The study also showcases a significant decline in asthma mortality rates in China, which were previously higher than the United States from 1990 to 2019.
Recent study results published in Chinese Medical Journal demonstrate significant differences in asthma mortality between China and the United States. Previously, China had higher mortality rates from 1990 to 2019; however, this gap has gradually narrowed over time, with the US’s asthma mortality rates (approximately 11%) now surpassing China.
To evaluate these rates, investigators performed a detailed comparative analysis of asthma mortality in the US and China. The investigators data from 1990 to 2019 from the 2019 Global Burden of Disease Study to examine the impact of various disease and their associated risk factors. In addition, the researchers used an age-period-cohort model to analyze the incidence and mortality trends of chronic diseases as well as the effects of age and the time period.
The results showed substantial differences between the United States and China’s asthma mortality rates, with the prevalence in the United States being nearly 4 times greater than China in 2019. In addition, men in China were shown to have a higher mortality rate compared to women; however, the United States showed higher mortality rates in women.
“The risk factors for asthma mortality in China and the US were investigated to provide public health recommendations for reducing mortality,” said study lead Xiansheng Liu, PhD, professor, Huazhong University of Science and Technology and NHC Key Laboratory of Respiratory Diseases in Wuhan, China, in a press release. “Compared with China, high body-mass index (BMI) is a larger public health challenge in the US, where it ranked first in the risk factors of asthma-related death.”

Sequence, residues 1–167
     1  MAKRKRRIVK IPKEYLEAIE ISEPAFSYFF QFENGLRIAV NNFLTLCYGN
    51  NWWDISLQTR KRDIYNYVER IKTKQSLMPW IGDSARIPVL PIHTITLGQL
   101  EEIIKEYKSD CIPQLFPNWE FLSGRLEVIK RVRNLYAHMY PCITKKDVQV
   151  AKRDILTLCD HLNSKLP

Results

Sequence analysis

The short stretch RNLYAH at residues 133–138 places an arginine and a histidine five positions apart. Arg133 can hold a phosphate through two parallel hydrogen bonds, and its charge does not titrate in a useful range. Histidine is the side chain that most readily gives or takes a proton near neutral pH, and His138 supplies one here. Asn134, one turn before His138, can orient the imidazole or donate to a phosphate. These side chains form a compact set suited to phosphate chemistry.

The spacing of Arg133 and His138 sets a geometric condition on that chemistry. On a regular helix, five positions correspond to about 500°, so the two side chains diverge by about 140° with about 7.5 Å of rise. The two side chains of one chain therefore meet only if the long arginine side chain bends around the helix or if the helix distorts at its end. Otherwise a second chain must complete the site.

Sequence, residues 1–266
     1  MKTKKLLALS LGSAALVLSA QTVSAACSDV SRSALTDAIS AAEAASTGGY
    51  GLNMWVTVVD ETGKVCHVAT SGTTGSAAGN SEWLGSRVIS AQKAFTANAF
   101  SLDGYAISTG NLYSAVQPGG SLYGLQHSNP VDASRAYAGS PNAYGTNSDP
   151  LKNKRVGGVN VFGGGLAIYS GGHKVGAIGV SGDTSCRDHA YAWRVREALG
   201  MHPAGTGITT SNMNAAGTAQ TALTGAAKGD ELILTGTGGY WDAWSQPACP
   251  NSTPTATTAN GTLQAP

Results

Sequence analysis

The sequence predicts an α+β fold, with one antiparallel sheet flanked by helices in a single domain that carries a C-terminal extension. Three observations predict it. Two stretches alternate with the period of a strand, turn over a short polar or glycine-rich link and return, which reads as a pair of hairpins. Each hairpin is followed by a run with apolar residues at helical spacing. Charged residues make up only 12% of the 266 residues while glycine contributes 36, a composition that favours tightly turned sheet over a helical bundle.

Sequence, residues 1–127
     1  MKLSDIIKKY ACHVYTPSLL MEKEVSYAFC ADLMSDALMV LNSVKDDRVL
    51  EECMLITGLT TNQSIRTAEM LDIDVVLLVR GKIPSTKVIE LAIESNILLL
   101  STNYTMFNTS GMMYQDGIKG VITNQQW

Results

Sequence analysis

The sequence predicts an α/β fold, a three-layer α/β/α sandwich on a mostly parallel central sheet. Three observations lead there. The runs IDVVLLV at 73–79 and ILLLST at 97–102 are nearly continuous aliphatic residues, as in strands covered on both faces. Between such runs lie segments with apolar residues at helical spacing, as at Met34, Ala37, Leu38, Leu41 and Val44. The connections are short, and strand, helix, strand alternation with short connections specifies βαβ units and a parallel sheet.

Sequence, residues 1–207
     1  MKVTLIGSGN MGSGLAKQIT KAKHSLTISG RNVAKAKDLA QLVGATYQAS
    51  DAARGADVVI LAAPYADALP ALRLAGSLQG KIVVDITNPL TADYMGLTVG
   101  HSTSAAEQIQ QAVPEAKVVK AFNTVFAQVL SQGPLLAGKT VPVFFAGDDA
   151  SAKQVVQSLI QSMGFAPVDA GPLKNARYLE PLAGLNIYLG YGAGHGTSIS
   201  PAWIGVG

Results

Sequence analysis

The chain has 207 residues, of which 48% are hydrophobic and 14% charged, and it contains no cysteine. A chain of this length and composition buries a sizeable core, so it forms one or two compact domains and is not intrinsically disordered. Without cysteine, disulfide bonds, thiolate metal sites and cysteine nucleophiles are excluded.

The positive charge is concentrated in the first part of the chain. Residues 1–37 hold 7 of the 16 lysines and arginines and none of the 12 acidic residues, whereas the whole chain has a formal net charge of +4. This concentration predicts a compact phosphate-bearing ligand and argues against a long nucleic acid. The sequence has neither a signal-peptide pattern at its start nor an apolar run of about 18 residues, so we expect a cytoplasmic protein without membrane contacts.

The researchers had also determined that smoking, a high BMI, and occupational exposure to asthmagens—particles that trigger or induce asthma—were factors that were strongly related to asthma mortality in the United States. Smoking was the leading risk factor in China, particularly in men.
Further analyses showed differences in rates when individuals were grouped by age. Asthma mortality rates slowly increased with age in the United States, with individuals experiencing an exponential risk of mortality after the age of 80 years; however, in China, infants, young children, and the elderly were at an increased risk of mortality.
“This study on asthma mortality can help focus on at-risk populations who might benefit the most from targeted interventions, such as tobacco control, obesity prevention, and treatment, available medical services for the aging population, and practical and pragmatic guidance in the assessment and management of occupational asthma by clinicians and so on,” Liu said in the press release.
Although asthma mortality rates were previously higher in China than in the United States, a considerable decline in the past few years showcase the influence of China’s improvements in the management of asthma risk factors at both individual and societal levels. These findings can leverage further reductions in asthma mortality in both the United States and China.
Cactus Communications. Chinese Medical Journal article reveals key insights on the trends of asthma mortality. News release. November 22, 2023. Accessed November 30, 2023. https://www.eurekalert.org/news-releases/1008893